Wednesday, March 14, 2007

Unanimous Consent To Revise and Extend?

Yesterday's riff on the Nixonian resonances of Alberto Gonzales' statements about the political purge of U.S. Attorneys was a quick blast that barely scratched the surface. This probably won't get much deeper, but I can't let the subject go so easily. This is not just about the current scandal; it's about an administration that has consistently put its own interests above those of the nation and the people. It's about the unitary executive and the intimidation of U.S. citizens in the service of not only a so-called New American Century but a permanent Republican majority. It's about rewarding friendscronies and punishing political enemies and, in this case apparently, about turning the nation's "legal department" into a personal political dirty tricks unit the likes of which we haven't seen since Tricky Dick climbed aboard that helicopter.

In the stories and discussion over the last few days, much has been made over the fact that U.S. Attorneys "serve at the pleasure of the president." Well, a West Wing fan like me can't help but have a soft spot for that phraseology...
"At the end of another episode, the young staffers sipped beer on the stoop of a D.C. brownstone and marveled at the honor of working in the White House. One by one they repeated, with hushed reverence, their swearing-in pledge: 'I serve at the pleasure of the president.'"
...and I do understand that when the people vote for the president, they are, in part, voting for the people they expect him to appoint. Any president must, of course, have the ability to bring in his (or, someday, her) "own people." But staffing up at the beginning of an administration or a term with people dedicated to supporting administation policies is a whole 'nother kettle of horses of another color from purging your "own people" either because you want to open up resume' buffing slots for unqualified cronies (the marginally least awful of the various reasons suggested) or because they've prosecuted members of your own party or because they've (in your view) failed to prosecute members of the opposition party vigorously enough.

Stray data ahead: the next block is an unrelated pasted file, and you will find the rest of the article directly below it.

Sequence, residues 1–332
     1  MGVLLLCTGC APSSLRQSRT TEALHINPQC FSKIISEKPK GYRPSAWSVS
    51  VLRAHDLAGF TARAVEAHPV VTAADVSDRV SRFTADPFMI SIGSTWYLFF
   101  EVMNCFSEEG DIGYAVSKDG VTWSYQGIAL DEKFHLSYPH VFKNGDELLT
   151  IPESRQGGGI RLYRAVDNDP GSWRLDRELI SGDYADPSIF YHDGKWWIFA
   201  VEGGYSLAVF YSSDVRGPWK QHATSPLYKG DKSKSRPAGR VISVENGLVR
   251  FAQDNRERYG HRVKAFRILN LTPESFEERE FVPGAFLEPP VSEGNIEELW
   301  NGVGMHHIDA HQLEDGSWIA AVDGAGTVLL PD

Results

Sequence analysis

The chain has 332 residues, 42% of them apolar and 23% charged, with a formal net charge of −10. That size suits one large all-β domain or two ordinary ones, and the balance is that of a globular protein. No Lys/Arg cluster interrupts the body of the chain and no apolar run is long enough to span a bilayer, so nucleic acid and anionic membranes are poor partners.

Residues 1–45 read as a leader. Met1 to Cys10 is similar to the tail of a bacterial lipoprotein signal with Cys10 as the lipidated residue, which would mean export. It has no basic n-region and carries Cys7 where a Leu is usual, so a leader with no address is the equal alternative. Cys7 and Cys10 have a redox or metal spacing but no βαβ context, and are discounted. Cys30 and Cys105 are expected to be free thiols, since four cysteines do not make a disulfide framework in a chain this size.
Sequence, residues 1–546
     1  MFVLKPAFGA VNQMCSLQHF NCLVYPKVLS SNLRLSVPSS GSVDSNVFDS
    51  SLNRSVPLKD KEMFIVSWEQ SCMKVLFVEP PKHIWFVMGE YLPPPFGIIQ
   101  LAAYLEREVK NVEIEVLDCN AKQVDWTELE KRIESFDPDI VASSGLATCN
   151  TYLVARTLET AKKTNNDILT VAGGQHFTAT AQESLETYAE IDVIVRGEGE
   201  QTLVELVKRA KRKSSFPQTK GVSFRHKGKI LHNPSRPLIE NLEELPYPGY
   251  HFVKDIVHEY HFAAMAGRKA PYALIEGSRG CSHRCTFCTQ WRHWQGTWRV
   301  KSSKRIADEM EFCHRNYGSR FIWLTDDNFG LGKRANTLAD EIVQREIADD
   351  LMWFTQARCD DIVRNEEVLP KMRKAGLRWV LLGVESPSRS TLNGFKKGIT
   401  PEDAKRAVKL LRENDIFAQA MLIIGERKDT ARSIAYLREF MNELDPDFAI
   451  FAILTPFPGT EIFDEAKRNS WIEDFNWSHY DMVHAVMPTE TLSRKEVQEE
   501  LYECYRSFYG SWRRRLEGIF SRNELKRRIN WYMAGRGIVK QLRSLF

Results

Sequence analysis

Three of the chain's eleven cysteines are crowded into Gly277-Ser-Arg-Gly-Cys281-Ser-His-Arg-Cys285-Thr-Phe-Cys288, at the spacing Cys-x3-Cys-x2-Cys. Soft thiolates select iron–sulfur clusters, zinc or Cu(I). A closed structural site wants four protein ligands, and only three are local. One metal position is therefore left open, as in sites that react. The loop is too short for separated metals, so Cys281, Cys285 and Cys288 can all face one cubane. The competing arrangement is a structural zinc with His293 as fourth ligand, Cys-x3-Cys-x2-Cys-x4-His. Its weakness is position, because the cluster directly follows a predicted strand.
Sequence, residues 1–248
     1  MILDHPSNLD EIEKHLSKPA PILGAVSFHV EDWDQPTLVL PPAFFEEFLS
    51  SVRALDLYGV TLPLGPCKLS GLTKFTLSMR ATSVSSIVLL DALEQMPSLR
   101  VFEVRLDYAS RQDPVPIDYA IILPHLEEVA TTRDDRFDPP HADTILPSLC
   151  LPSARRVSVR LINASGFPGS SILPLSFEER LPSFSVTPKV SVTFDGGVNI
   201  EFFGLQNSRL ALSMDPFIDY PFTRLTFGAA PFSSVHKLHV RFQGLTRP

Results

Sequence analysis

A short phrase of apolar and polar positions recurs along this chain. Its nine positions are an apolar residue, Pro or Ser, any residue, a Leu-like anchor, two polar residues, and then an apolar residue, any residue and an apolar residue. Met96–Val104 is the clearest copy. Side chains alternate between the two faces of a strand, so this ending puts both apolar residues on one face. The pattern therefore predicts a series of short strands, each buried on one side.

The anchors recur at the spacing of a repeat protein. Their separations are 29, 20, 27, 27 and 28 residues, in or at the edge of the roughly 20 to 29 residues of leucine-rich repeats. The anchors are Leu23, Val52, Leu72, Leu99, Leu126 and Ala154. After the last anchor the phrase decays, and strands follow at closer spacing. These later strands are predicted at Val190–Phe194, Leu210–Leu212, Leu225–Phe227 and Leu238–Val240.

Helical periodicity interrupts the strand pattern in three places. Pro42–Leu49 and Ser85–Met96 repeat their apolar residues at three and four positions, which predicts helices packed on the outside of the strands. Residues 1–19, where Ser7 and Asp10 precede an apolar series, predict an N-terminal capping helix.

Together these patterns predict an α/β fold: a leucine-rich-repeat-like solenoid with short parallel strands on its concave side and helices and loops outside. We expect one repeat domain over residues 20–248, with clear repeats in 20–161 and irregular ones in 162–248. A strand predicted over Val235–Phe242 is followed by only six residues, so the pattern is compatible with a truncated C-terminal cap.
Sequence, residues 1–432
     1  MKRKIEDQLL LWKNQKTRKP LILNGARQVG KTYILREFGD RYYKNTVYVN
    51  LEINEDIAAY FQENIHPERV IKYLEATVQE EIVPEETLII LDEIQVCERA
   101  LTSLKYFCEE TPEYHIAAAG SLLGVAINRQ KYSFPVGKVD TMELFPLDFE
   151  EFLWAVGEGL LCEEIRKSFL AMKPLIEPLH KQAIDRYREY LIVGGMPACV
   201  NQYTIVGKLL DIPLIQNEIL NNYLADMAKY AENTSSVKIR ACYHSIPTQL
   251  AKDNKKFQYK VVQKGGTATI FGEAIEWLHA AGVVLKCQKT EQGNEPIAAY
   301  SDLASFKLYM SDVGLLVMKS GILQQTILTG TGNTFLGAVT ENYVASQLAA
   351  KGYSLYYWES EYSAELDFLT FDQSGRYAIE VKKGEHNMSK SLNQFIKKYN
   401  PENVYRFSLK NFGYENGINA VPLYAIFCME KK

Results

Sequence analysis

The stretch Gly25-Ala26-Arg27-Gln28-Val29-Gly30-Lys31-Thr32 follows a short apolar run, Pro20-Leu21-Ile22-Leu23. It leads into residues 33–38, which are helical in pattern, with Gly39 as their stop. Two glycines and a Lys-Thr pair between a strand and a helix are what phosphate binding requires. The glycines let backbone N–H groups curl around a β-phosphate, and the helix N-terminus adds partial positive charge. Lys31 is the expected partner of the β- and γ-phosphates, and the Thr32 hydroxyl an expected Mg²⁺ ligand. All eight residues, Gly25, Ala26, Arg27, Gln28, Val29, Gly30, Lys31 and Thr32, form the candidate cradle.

I'm not naive: I know that the executive branch is political, and that even the position of U.S. Attorney is a political one. Using the tools of office to vigorously pursue the policies on which he campaigned is not only a president's right; it is his duty. But there's a difference between pursuing legitimate policies and turning the nation's law enforcement agencies into political enforcers for the party in (executive) power. So far, the president has been happy to let Gonzales and Sen. Pete Domenici (who, along with Rep. Heather Wilson, made pressuring phone calls to former U.S. Attorney David Iglesias regarding prosecutions of Democrats) take the heat for the purge scandal, and FBI Director Robert Mueller has taken responsibility for the Patriot Act abuse (not that the Patriot Act itself isn't abuse), but anyone who doesn't believe this stuff is coming right from the White House just hasn't been paying attention for the last 6 years.

20 January 2009 can't some soon enough!

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